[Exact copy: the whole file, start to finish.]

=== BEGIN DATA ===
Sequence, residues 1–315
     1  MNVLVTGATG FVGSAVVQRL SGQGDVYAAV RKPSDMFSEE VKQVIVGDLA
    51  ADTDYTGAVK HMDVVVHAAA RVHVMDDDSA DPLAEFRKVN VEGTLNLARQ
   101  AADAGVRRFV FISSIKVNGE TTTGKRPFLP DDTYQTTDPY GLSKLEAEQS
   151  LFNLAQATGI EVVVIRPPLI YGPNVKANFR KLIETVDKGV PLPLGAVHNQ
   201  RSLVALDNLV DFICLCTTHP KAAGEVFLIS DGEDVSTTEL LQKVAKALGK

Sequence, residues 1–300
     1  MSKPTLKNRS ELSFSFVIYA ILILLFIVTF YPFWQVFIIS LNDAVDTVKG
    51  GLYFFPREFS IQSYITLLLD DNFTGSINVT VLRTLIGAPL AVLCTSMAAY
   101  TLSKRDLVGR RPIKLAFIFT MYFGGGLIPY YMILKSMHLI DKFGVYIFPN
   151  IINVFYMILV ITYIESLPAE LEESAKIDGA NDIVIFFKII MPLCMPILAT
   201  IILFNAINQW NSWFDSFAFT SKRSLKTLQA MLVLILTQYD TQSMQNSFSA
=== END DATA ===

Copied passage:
Sequence, residues 1–315
     1  MNVLVTGATG FVGSAVVQRL SGQGDVYAAV RKPSDMFSEE VKQVIVGDLA
    51  ADTDYTGAVK HMDVVVHAAA RVHVMDDDSA DPLAEFRKVN VEGTLNLARQ
   101  AADAGVRRFV FISSIKVNGE TTTGKRPFLP DDTYQTTDPY GLSKLEAEQS
   151  LFNLAQATGI EVVVIRPPLI YGPNVKANFR KLIETVDKGV PLPLGAVHNQ
   201  RSLVALDNLV DFICLCTTHP KAAGEVFLIS DGEDVSTTEL LQKVAKALGK

Sequence, residues 1–300
     1  MSKPTLKNRS ELSFSFVIYA ILILLFIVTF YPFWQVFIIS LNDAVDTVKG
    51  GLYFFPREFS IQSYITLLLD DNFTGSINVT VLRTLIGAPL AVLCTSMAAY
   101  TLSKRDLVGR RPIKLAFIFT MYFGGGLIPY YMILKSMHLI DKFGVYIFPN
   151  IINVFYMILV ITYIESLPAE LEESAKIDGA NDIVIFFKII MPLCMPILAT
   201  IILFNAINQW NSWFDSFAFT SKRSLKTLQA MLVLILTQYD TQSMQNSFSA